Tyler Smith

Python, venv and Docker are not friends

I got a slow start today, but it was still productive. I'm still tightening up SacMusic. It wasn't my plan for the day, but it was something to do. I want to get my containers/pipeline/deployment in excellent shape so I can use this as a blueprint for future projects. Very few of the changes I've been making are user-facing, but cumulatively I think they're adding up.

  1. I decided to set my working directory as /srv/app on the front-end and back-end apps. I haven't seen established best practices about where to store apps in a container, but this feels like the most reasonable place to put it based on the Linux Filesystem Hierarchy. I've skipped adding a protocol subdirectory because each container should only run one service.
  2. I swapped out my nginx container for the official unprivileged nginx container. This was almost painless; I just had to update ports in my nginx config file and compose files.
  3. I set Django's cookies to be secure.
  4. I swapped psycopg2 for psycopg2-binary and removed gcc. This shrunk my container from about 120mb to about 85mb. Nice!
  5. I set SECURE_SSL_REDIRECT to True in production. Apparently this feature doesn't expect to be behind a reverse proxy, so the app got stuck in an endless redirect loop. On the bright side, I learned that Uptime Robot works 🤷‍♂️
  6. I set a secret key in Django. It's annoying that manage.py doesn't have a built in way to generate these.
  7. I tried installing venv in my Python container. Yes, I know that containers already provide isolation, but The Twelve-Factor App chapter on dependencies got me thinking about vendoring–especially since I'm on Debian and not Alpine. I got it working using a guide from Bobcares, but it added 20mb to the container size, made docker exec commands break, and it didn't give me the editor autocomplete that I had hoped for, since the attached binary symlinked to the non-mounted Linux binary. For autocomplete, my best option would be to install venv on my host file system, but never actually execute the app with it.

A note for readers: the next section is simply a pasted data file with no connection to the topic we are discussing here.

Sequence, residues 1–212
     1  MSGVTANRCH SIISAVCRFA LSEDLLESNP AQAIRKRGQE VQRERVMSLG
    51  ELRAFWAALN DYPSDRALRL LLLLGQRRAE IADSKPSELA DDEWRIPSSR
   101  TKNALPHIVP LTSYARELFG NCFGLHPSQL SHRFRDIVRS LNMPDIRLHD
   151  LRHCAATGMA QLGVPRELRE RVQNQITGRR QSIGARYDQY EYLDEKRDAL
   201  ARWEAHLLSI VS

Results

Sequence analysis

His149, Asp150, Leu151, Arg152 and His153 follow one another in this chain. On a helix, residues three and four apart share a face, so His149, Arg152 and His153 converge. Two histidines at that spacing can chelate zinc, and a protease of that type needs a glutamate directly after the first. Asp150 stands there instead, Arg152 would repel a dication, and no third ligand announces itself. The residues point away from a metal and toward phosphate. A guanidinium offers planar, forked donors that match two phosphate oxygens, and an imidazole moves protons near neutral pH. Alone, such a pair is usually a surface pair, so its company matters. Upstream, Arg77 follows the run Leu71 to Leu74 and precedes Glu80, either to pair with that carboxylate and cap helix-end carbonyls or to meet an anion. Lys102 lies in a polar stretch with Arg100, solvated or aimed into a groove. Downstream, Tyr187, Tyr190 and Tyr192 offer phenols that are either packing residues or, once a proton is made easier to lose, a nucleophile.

What keeps surprising me as I make these changes is how fast the feedback cycle is going. I used to hoard changes locally because pushing to production was a chore. Now, each incremental change gets a commit. I push code at least once every couple of hours, often more frequently. Within minutes of the code push, I get an email notifying me of the build status. If the build passes, I can visit the site and verify that the changes indeed work in production. It the changes don't work as expected, I can quickly identify the problem and fix it while the code is still fresh in my head. I never want to work any other way again.

I'm still planning to build out provisioning, configuration management, automated database backups, error monitoring, logging and more testing. The site is essentially feature-complete, which gives me the opportunity to dig deep into these other areas.